Africa must raise taxes to better fight climate change

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Let us begin by welcoming international solidarity. Whether it was the United Nations, its field agencies or major NGOs, the mobilisation was not long in coming to the aid of Zimbabwe, Malawi, and, especially Mozambique, devastated by Cyclone Idai last March. But as another tropical cyclone, Kenneth, has landed on the East African coast with even greater intensity, we cannot help but detect accents of guilt in this solidarity.

Mozambique is on its knees. Hit by what is considered the worst cyclone in the southern hemisphere, it saw its fourth city, Beira, practically wiped off the map. And since tropical storms know no borders, Idai has also killed in Zimbabwe and Malawi. More than a thousand people died and two million were affected, including 1,8 million in Mozambique alone. The damage caused by floods and wind gusts is expected to cost the region more than US$2 billion, according to the World Bank.

For researchers, there is no doubt that the alternation of cyclonic episodes and droughts that has hit the region in recent years is directly linked to the impressive temperature variations resulting from climate change. The irony is that Mozambique and its neighboring countries produce only a tiny fraction of the world’s carbon dioxide emissions. Moreover, Africa is the continent least responsible for global warming: barely 3,8% of greenhouse gas emissions are produced there, compared to 23% in China, 19% in the United States, and 13% in the European Union.
Beira is not an isolated case. Prolonged droughts, repeated floods, declining agricultural yields, increasingly limited access to water, global warming is already taking its toll in Africa. These natural disasters increase the risk of food insecurity and health crises. The cholera cases that have emerged in Mozambique since Idai and Kenneth passed through clearly show it.

In rural areas, survival is at stake, due to the disappearance of entire crops. Urban populations are also on the front line. High birth rates and rural exodus mean that 86 of the world’s 100 fastest growing cities are in Africa. And at least 79 of them — including 15 capitals — are facing extreme risks due to climate change, according to the risk consultancy Verisk Maplecroft.

In addition, natural disasters exacerbate poverty and inequality, and fuel conflict. Extreme poverty continues to increase in sub-Saharan Africa, unlike in all other regions of the world. If nothing changes, the region could account for 90% of people living on less than US$1,9 a day by 2050, the World Bank warns. Public infrastructure is unable to meet the growing demand, and disaster response mechanisms are inadequate. Kinshasa’s 13,2 million inhabitants, for example, are already regularly affected by floods.

In order to be better prepared, African states urgently need more resources. It is true that tax collection has improved on the continent, rising from 13,1% in 2000 to 18,2% in 2016, according to the Organisation for Economic Co-operation and Development (OECD).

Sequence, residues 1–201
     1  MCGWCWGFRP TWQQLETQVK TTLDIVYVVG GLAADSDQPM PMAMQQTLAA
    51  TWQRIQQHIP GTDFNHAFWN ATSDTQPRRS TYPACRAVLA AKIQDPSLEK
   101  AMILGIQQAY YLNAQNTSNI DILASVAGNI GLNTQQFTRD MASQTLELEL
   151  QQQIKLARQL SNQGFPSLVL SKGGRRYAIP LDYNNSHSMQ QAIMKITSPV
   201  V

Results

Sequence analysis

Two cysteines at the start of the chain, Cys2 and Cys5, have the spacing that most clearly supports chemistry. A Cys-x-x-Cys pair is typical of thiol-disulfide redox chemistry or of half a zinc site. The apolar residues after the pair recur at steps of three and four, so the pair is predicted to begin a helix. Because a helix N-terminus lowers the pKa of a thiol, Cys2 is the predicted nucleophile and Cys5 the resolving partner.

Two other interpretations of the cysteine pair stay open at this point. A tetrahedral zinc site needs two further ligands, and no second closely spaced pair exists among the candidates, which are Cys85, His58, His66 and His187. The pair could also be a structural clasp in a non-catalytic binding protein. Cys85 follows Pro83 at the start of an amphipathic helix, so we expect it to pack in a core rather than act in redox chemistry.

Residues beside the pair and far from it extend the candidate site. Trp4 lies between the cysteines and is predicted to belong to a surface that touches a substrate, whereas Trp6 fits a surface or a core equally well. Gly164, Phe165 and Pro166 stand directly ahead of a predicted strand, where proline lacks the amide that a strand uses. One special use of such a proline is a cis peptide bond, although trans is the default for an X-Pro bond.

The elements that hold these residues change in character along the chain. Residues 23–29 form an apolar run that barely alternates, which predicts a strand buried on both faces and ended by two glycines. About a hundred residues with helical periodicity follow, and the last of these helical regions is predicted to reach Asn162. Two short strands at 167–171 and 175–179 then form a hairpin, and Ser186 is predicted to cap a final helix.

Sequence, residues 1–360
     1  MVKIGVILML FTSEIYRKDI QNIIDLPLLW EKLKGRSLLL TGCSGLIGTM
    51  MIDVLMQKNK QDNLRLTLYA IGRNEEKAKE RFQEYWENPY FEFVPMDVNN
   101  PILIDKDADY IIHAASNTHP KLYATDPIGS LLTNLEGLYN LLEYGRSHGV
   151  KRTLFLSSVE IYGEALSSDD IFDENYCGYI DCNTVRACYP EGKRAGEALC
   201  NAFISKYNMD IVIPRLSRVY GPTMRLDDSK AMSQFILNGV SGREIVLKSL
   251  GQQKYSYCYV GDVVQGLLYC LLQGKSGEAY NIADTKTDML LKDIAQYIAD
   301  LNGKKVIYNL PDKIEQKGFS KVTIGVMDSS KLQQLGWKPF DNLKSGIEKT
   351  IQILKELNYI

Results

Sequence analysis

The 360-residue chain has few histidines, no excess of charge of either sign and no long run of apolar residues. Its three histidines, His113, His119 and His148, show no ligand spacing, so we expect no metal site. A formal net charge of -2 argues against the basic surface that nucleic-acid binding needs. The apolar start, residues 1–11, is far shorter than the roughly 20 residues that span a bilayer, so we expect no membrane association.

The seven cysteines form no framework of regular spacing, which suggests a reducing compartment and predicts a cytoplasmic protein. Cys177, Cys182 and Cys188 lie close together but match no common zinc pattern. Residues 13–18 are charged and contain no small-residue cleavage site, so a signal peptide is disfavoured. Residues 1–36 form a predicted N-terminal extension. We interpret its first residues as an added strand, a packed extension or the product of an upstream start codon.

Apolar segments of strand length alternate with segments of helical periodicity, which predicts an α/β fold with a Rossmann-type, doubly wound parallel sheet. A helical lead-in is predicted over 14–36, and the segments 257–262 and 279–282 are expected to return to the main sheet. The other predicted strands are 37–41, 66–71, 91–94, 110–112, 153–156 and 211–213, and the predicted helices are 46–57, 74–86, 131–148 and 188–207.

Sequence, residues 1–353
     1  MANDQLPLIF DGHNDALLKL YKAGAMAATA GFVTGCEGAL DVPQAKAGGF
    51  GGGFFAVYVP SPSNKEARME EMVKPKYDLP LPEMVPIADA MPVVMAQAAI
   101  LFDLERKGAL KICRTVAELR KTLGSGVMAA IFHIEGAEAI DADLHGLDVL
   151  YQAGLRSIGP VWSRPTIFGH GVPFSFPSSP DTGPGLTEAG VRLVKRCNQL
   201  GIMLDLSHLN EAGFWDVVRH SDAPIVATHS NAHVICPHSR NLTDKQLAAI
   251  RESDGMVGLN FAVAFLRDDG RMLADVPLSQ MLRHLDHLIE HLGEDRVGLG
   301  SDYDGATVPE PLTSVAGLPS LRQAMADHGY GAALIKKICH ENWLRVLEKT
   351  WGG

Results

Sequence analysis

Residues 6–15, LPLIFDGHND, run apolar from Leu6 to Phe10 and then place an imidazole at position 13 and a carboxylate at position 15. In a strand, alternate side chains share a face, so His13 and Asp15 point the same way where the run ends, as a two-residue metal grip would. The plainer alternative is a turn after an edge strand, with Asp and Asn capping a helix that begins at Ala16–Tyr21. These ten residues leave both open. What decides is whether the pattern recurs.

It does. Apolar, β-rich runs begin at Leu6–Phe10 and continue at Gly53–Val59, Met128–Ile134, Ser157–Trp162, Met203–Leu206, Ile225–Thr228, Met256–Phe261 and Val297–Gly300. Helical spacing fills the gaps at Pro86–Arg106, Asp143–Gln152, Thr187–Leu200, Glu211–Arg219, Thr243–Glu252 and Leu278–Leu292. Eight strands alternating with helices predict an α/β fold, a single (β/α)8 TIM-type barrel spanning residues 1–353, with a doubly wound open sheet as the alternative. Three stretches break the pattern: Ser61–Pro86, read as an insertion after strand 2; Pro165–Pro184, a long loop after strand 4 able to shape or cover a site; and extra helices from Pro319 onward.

But this remains well below the averages in Latin America (22.,%) or in OECD countries (34,3%). Above all, even when they are honest, administrations do not have the necessary resources to thwart the increasingly sophisticated and aggressive strategies that multinationals employ to avoid taxes. Africa loses between US$30 billion and US$60 billion every year, according to very conservative estimates by the United Nations Economic Commission for Africa (Uneca) and the African Union. This is much more than the amount of international aid.

All over the world, people are shocked by tax scandals exposed by government investigations and whistleblowers. In the United States, for example, a recent report revealed that 60 of the country’s top 500 most profitable companies, including Amazon, Netflix and General Motors, paid no taxes in 2018, despite a cumulative profit of US$79 billion. The impact on public finances is even more worrying in Africa, where corporate taxes represent 15,3% of government revenues, compared to just 9% in rich countries.

After years of silence, OECD has recently admitted the need to question the system that allows companies to declare their profits wherever they wish, in order to benefit from very low or even zero tax rates in tax havens — and this in a totally legal way. This is a requirement that we, the Independent Commission for the Reform of International Corporate Taxation (ICRICT), have been pursuing for years.

Rich countries are now under pressure from the International Monetary Fund (IMF) and the UN, which, in recent months, have called for a major overhaul of international taxation.

This is a first step in the right direction, but there is an urgent need for developing countries to participate actively in the drafting of new tax standards. Africa is now the most vulnerable region to climate change, although it has only marginally contributed to it. It is time for the continent to make its voice heard to recover resources that will enable it to fight against its effects and better prepare its populations.

Léonce Ndikumana is professor of economics and director of the African Development Policy Programme at the Political Economy Research Institute at the University of Massachusetts at Amherst, and a member of the Independent Commission for the Reform of International Corporate Taxation.

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